Release, Sellout, and Re-Release of the 2016-W Mercury Dime Centennial Gold Coin

As stated earlier, the 2016-W Mercury Dime gold coin was released on April 21, 2016. Priced at $205 USD according to the Mint’s pricing schedule for gold and platinum products at the time, it had a mintage limit of 125,000 pieces and an initial order limit of 10 coins per household. Each piece was sealed in a circular capsule and came with an elegant, custom-designed black-matte hardwood presentation case and a Certificate of Authenticity.

Within 15 minutes of the coin’s noon Eastern Time release on the Mint’s website, the order status had already been changed to “Backorder”. Less than an hour after its release, the 2016-W Mercury Dime gold coin was listed as “Unavailable” by 12:45 PM. This meant that all available inventory had been allotted to fill customer orders and was not quite the same as a complete lack of the entire authorized mintage.

But like any other product, some of these orders were soon canceled, either by the Mint (payment failed to process, bad account information, etc.) or by customers themselves. According to CoinWeek’s news coverage, the Mint reported sales of 122,510 coins out of the 125,000 total mintage by Sunday, April 24. And after customers had time to receive their coins in the mail, returns began to come back. Because of these factors, the Mint still had 8,889 pieces by the middle of the year.

Frustratingly for collectors, however, the Mint did not make these available for purchase and had no set plans to do so. Adding to collector anxiety was the fact that the Mint’s pricing schedule was subject to change, and every additional week of delay meant that the price could be much higher than it was upon initial release (it could also have been lower, but that is beside the point).

It wasn’t until the end of the year that the U.S. Mint announced the resumption of sales of the 2016-W Mercury Dime Centennial gold coin on December 15. After being criticised for the original order limit of 10 per “household”–an arrangement that many felt favored dealers and bulk buyers at the expense of regular collectors–the Mint sold these final coins at one per household.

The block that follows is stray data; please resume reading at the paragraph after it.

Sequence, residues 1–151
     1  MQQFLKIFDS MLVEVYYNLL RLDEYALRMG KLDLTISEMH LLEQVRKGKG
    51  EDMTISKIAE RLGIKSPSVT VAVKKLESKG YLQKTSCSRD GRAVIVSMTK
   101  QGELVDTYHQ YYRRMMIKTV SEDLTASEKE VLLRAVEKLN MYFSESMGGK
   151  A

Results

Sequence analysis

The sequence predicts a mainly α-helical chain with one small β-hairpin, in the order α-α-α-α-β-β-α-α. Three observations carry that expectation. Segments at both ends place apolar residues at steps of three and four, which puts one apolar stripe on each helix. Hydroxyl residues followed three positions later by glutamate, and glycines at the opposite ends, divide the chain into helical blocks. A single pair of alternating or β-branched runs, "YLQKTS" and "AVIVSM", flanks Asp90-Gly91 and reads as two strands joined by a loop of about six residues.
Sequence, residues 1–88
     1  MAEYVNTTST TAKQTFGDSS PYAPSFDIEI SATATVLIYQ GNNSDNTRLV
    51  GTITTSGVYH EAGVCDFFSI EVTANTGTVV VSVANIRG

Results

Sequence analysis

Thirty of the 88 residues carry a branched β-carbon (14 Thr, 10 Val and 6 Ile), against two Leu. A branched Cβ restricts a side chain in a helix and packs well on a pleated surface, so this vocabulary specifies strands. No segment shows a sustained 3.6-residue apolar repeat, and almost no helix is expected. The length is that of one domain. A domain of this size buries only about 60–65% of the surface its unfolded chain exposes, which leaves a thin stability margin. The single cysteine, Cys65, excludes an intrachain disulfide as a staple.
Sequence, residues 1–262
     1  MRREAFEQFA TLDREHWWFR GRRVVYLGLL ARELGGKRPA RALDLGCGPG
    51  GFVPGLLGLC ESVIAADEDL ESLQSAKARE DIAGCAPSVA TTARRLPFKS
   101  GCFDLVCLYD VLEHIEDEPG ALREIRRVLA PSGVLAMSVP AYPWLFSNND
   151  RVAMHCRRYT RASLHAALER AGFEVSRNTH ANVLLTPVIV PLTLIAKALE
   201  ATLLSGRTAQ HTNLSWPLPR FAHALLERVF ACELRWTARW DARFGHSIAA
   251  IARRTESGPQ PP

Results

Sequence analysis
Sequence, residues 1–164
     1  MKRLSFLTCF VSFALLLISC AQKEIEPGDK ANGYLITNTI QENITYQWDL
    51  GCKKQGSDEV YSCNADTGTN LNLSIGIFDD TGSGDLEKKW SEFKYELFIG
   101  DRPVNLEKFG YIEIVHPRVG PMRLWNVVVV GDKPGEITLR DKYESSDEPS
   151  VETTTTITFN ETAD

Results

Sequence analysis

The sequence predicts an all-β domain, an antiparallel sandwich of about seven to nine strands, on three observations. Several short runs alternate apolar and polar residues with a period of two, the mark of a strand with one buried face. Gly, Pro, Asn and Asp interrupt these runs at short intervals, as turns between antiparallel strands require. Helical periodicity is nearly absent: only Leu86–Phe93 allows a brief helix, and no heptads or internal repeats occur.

A final total mintage of 124,885 was eventually reported – 115 less than the maximum.

Certified Populations of the 2016-W Mercury Dime Centennial Gold Coin in Today’s Market

Since it began grading and authenticating U.S. coins in June 2023, CAC has yet to certify any 2016-W Mercury Dime gold coins.

Categorized as an Anniversary Coin, NGC reports a total of 27,709 certified grading events for the gold Mercury Dime at the time of publication. The top pop grade of Specimen 70 (SP70) accounts for most of them, with 24,839 examples. Two thousand, eight hundred and fifty-five coins are listed as SP69, 11 are graded SP68, and three are reported at SP67. This kind of top-heavy certified population pyramid is seen with modern collector coin issues that are bought in bulk with the express purpose of grading and immediately reselling them – i.e., “flipping”.

The auction record for any 2016-W Mercury Dime Centennial gold coin is $2,000 for a specimen certified NGC Genuine that was sold in November 2019 on eBay.

As far as NGC-certified SP70s go, Stack’s Bowers sold an example for $384 in June 2023, but prices from 2022 average to about $400. Prices for the same grade in 2021 average to around $350. And looking at auction records from 2020, when more NGC examples were sold than PCGS specimens, the average price for an NGC SP70 2016-W Mercury Dime gold coin is almost $320. Appreciation in the secondary market appears steady, with premiums gaining on $200 over the initial retail price – a doubling of value over seven years.

Also at the time of publication, PCGS has graded a total of 31,984 2016-W Mercury Dime gold coins. The vast majority of those coins–28,958–achieved a perfect grade of SP70. The numbers drop exponentially as we go down to “merely” Gem quality, with 3,001 reported at SP69, 22 listed at SP68, and two given for SP67. PCGS categorizes the gold Mercury dime, the gold Standing Liberty quarter, and the gold Walking Liberty half dollar as the 2016 Centennial Series.